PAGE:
SGML: Memory of Yuri Rubinsky (1952-1996)

SGML: Memory of Yuri Rubinsky (1952-1996)

[Via CTS Digest, (c) Erik Naggum]
Article: 12372 of comp.text.sgml
Newsgroups: comp.text.sgml
From: (Peter Sharpe)
Subject: Re: Yuri Rubinsky (1952-1996)
Message-ID: <>
Organization: SoftQuad Inc.
References: (12283) <> 
	    (12335) <4ebjhj$ig1@senator-bedfellow.MIT.EDU>
Date: Mon, 29 Jan 1996 23:10:31 GMT

I've known Yuri Rubinsky since he was 14 and I've considered him a close
friend for all of those years. Last week was very hard for me.
This week will be a little easier because of the Saturday service and the
gatherings on Friday evening and Saturday. Those were very emotional but
comforting days for me.

Friday evening, 60 friends of Yuri's gathered at his favorite restaurant,
Peter's Chung King on College St. in Toronto. There were many current
SoftQuad employees, many former SoftQuad employees, and visitors from
around the world. We ate some good food, drank some beer, and shared many
good public and private reminiscences.

Saturday afternoon there was a service followed by a gathering of friends
and family at Marc Giacamelli's house. That gathering was similar to the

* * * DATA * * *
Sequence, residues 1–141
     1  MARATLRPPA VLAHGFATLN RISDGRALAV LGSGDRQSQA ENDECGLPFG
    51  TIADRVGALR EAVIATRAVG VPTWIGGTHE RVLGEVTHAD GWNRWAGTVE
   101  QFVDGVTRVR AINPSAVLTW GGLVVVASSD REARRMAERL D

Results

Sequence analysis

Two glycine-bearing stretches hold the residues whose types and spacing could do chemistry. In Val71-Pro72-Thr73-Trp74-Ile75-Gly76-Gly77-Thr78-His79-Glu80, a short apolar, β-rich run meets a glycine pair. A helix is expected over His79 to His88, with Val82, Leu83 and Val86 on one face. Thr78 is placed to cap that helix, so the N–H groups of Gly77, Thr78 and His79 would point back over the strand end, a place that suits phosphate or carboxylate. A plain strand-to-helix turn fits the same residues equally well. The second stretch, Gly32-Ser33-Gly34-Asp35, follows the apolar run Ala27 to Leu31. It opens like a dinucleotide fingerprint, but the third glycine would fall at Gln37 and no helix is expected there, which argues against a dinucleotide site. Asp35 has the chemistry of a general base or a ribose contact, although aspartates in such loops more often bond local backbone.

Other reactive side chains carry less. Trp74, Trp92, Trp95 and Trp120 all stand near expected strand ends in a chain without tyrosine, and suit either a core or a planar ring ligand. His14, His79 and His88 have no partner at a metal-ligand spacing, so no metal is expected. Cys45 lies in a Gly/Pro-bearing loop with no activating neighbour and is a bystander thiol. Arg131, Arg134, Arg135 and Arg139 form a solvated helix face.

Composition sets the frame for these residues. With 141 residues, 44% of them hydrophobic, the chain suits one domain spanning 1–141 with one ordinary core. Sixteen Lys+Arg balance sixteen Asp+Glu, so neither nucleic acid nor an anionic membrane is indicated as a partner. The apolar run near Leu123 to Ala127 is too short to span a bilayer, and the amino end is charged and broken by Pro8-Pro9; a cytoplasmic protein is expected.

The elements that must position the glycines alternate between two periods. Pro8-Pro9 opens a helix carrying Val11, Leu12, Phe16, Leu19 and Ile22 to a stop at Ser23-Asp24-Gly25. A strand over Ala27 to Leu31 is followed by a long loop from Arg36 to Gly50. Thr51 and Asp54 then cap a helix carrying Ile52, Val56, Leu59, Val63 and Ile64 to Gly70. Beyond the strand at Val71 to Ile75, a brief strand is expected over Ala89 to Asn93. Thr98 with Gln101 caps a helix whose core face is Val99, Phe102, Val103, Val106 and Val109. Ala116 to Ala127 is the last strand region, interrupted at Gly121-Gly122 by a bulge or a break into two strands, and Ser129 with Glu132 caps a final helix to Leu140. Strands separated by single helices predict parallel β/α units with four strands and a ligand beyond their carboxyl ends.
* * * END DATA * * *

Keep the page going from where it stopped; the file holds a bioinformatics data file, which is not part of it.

one Friday night. The faces were different, but the sentiments were the

I'd like to share some of the thoughts and feelings that I came away with
from those two days.

The comforting thought for me is that Yuri is not gone. In listening
to the tributes and talking to the people from all walks of life who knew
Yuri, there was a common theme: Yuri had entered their lives and changed
them forever. There were those who met their spouses through Yuri. Those
that had their career directions changed by Yuri. And, I think, all who
had their perception of the world changed by Yuri. Yuri is alive today
in thousands of people all over the world.

This was expressed so beautifully in Bill Clarke's tribute at the Saturday
service. The theme was "But wait, there's more." I cannot remember a more
inspiring speech. There is more. More for us personally and more for
SoftQuad. And it will be shaped by that part of Yuri that lives on in all
of us.

Ian Brown put it another way at the Saturday gathering. He said, Yuri was
the most distractable person he knew. You could distract him from eating
his lunch. ("You could distract him from his current distraction," added
someone from those listening.) Ian said he'd like to feel that Yuri was
not gone forever, he was just being distracted.

And that was Yuri. He'd suddenly be out of touch for days or even years
as he was distracted by some new project or other. But during those
distractions, he was still influencing your life because of the way he had
changed your life when he was distracted by you.

Yuri is not gone. I saw him in everyone at the wake on Friday night and
the gathering on Saturday. I see him in all the wonderful and moving